Things are getting a little weird up here
Jul 19, 2012
TRADING COMMODITY FUTURES AND OPTIONS INVOLVES SUBSTANTIAL RISK OF LOSS AND MAY NOT BE SUITABLE FOR ALL INVESTORS. YOU SHOULD CAREFULLY CONSIDER WHETHER TRADING IS SUITABLE FOR YOU IN LIGHT OF YOUR CIRCUMSTANCES, KNOWLEDGE AND FINANCIAL RESOURCES.
Corn and soybeans broke sharply off the highs coming into the pit session and things got stranger as the day went on. Soybeans recovered well off the break and pushed back up toward highs as corn threatened to make new lows. On the close spreads went wild highlighted buy the November 12 closing up 32 cents while November 13 soybeans closed down 26 cents. So what is going on here?
Maybe you can explain soybeans being sharply higher and corn lower due to rains missing southern growing areas that were going through pod set for soybeans. Maybe you can explain the sharp sell off on the pit open as fund selling. And, maybe you can explain the sharp move in spreads toward 2012 as a function of the market knowing we will be short supplies this year yet also deeply worried about demand destruction and the potential for massive acreage next year. Maybe the rumors on the floor are true and it's the automated algorithms to blame. Or, maybe things just get a little strange when you're forging into uncharted territory. One thing that needs to be a concern is that things tend to get weird at the end.
CME Options On Futures: The Basics: http://www.zaner.com/offers/?page=9&ap=tseifrie
I really don't know that we have done enough price rationing to stifle demand, and I really do not know what the final yield will be for corn or soybeans but I have to say that price action over the last few days has been concerning, especially for corn. And, as traders we look at the date and we know very well what this time of year usually means for corn and in a week or two for soybeans.
For now I am long and holding on. But I see some warning signs out on the horizon and with all the wild things that we are seeing in the markets I take away one thing - caution. Maybe corn and soybeans keep rallying for months and maybe the key reversal in November 13 soybeans does not mean anything but maybe this is indicative of topping action. I don't know as my crystal ball is out for repairs but I do have an overwhelming urge to exit as much risk as I naturally can and wait for things to become less strange.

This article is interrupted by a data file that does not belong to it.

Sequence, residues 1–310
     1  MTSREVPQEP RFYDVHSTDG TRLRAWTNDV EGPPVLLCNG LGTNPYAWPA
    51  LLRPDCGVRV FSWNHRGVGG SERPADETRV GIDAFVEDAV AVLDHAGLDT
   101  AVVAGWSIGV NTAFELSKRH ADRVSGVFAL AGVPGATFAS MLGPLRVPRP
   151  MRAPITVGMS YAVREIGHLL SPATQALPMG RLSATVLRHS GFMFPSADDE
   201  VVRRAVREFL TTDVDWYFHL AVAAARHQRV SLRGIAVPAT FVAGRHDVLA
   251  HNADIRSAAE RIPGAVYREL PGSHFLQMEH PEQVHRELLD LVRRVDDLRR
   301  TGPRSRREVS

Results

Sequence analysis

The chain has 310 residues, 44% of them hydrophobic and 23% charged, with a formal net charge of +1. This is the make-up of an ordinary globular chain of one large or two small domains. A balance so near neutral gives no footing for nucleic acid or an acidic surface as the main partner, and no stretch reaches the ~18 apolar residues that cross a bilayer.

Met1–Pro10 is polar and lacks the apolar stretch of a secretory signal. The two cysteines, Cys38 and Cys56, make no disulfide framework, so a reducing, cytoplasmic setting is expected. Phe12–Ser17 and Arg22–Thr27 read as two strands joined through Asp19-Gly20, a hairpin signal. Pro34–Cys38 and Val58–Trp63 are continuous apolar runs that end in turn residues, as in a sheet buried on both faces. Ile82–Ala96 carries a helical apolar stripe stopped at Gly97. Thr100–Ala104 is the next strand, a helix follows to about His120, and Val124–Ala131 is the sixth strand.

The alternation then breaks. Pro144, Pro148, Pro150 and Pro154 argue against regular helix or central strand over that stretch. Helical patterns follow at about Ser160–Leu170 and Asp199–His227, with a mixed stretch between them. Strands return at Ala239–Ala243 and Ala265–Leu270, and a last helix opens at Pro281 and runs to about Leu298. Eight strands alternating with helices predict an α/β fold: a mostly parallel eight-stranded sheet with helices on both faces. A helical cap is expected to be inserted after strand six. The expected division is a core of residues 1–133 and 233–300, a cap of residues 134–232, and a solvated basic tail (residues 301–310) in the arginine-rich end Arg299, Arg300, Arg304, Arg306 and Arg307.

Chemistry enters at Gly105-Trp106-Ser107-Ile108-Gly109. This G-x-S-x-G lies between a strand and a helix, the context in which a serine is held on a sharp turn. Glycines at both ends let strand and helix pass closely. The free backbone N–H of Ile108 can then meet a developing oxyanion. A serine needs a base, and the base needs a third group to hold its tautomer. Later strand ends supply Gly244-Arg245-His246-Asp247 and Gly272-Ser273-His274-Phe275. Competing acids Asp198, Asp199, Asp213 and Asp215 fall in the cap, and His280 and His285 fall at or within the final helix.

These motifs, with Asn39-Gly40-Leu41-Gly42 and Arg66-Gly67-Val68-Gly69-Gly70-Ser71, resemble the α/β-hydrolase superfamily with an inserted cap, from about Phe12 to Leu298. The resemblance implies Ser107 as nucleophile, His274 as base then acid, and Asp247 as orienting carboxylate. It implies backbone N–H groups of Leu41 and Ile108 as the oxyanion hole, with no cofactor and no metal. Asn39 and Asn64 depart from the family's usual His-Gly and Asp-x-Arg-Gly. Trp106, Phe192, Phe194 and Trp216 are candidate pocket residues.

Options on Beans for People Who Don`t Know Beans About Options: http://www.zaner.com/offers/?page=8&ap=tseifrie
With high volatility in a weather market, option strategies may be a good tool for hedgers and specs alike.
December Corn Daily chart:
November Soybeans Daily chart:
All this means that speculators should be looking for opportunities and producers need to look to lock up some prices while we have new crop corn above $7.70 and new crop soybeans above $16.00. Give me a call for some ideas. In particular, producers looking to hedge all or a portion of their production may be rather interested in some of the strategies that I am currently using.
In my mind there has to be a balance. Neither technical nor fundamental analysis alone is enough to be consistent.
Please give me a call for a trade recommendation, and we can put together a trade strategy tailored to your needs.
Ted Seifried (312) 277-0113 or firstname.lastname@example.org
Please check out my Blog at: http://tedseifriedfutures.com/
Additional charts, studies, and more of my commentary can be found at: http://markethead.com/2.0/free_trial.asp?rid=Seifried
Futures, options and forex trading is speculative in nature and involves substantial risk of loss. All known news and events have already been factored into the price of the underlying commodities discussed. The limited risk characteristic of options refers to long options only; and refers to the amount of the loss, which is defined as premium paid on the option(s) plus commissions.
FOR CUSTOMERS TRADING OPTIONS, THESE FUTURES CHARTS ARE PRESENTED FOR INFORMATIONAL PURPOSES ONLY. THEY ARE INTENDED TO SHOW HOW INVESTING IN OPTIONS CAN DEPEND ON THE UNDERLYING FUTURES PRICES; SPECIFICALLY, WHETHER OR NOT AN OPTION PURCHASER IS BUYING AN IN-THE-MONEY, AT-THE-MONEY, OR OUT-OF-THE-MONEY OPTION. FURTHERMORE, THE PURCHASER WILL BE ABLE TO DETERMINE WHETHER OR NOT TO EXERCISE HIS RIGHT ON AN OPTION DEPENDING ON HOW THE OPTION'S STRIKE PRICE COMPARES TO THE UNDERLYING FUTURE'S PRICE. THE FUTURES CHARTS ARE NOT INTENDED TO IMPLY THAT OPTION PRICES MOVE IN TANDEM WITH FUTURES PRICES. IN FACT, OPTION PRICES MAY ONLY MOVE A FRACTION OF THE PRICE MOVE IN THE UNDERLYING FUTURES. IN SOME CASES, THE OPTION MAY NOT MOVE AT ALL OR EVEN MOVE IN THE OPPOSITE DIRECTION